Calvin Tillman is the unpaid mayor of a very small town called Dish, a grid of modest homes on the north Texas plane. Calvin is an authentic American hero. Like the heros those old Westerns we grew up with, Calvin is the guy who doesn’t want a fight but turns out to be very good at it.
Calvin and the town of Dish have, by their persistence, changed the conversation on gas drilling in the entire state of Texas. Dish is admittedly an extreme example. Besides being ringed with gas wells, it is transected by a number of major pipelines and has a large complex of gas compressor plants on its border.
The compressors run 24/7/365 emitting noise, light, and vapors. Occasionally, when unacceptable pressure builds in the pipelines, the compressor facility will blow off large amounts of methane into the air with the sound of a jet taking off.
Texas allows public domain seizure for pipelines. The many pipelines feeding the compressors cross private property rendering it unfit for future development.
The cumulative effect of the gas industry on the residents and their property values has caused Calvin, their mayor, to refer to Dish as a Sacrifice Zone.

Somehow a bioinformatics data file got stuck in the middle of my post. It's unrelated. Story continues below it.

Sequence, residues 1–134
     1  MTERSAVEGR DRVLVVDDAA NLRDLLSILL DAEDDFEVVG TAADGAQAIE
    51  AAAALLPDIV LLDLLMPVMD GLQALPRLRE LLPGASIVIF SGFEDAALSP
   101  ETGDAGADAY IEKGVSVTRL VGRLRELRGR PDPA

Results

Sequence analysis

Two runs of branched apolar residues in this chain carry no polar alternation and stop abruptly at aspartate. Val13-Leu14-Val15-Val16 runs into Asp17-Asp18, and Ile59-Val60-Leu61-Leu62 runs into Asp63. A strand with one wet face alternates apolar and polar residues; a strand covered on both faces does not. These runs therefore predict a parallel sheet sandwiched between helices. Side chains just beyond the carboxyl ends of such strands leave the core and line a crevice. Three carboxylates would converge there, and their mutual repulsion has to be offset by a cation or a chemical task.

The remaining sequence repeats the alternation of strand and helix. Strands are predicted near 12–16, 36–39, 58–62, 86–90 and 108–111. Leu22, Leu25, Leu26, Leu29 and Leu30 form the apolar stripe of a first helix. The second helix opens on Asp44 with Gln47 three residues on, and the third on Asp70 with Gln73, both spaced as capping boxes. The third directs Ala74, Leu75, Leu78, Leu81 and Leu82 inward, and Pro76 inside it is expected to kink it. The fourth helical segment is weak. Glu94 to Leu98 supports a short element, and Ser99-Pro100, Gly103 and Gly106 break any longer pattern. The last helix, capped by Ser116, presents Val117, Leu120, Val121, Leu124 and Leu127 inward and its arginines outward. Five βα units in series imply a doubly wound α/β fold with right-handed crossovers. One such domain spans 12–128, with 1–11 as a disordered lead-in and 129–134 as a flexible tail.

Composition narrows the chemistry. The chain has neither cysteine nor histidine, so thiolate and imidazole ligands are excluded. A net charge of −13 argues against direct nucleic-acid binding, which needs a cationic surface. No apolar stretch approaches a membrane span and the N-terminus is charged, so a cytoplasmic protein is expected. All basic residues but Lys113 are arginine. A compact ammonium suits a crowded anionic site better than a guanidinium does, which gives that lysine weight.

Calvin became concerned about the health effects of gas industry vapors. Besides the unpleasant smells, trees and animals were dying and some residents complained about a number of growing health problems.
Calvin asked the industry and the Texas regulatory agencies to study the problem but received little help. Worried and frustrated, the town council authorized spending ten percent of its yearly budget to commission their own independent professional study.
The results weren’t good. Benzine, a carcinogen, was found at high concentrations on or near private property as was hydrogen sulfide, a neurotoxin. One state environmental official equated it to sniffing a gas can.
Thanks to the Dish study, state officials are beginning to focus on the issue of unregulated emissions from the gas industry. The Dish study confirmed the concerns raised by Professor Al Armendariz at Southern Methodist University whose work showed that the gas industry in north Texas was responsible for as much ozone and smog as all the cars, trucks and airports in the Dallas Fort Worth metro area, 6.3 million people.
Calvin Tillman not only has concerns, he offers solutions. Much of the air quality issue can be mitigated with inexpensive, off the shelf technology.
Calvin Tillman, 7:30 pm, Friday, April 30th
Genetti Hotel, West 4th Street, downtown Williamsport
FREE admission sponsored by: Responsible Drilling Alliance and Freshlife
Calvin Tillman is not being compensated for either his talk or his travel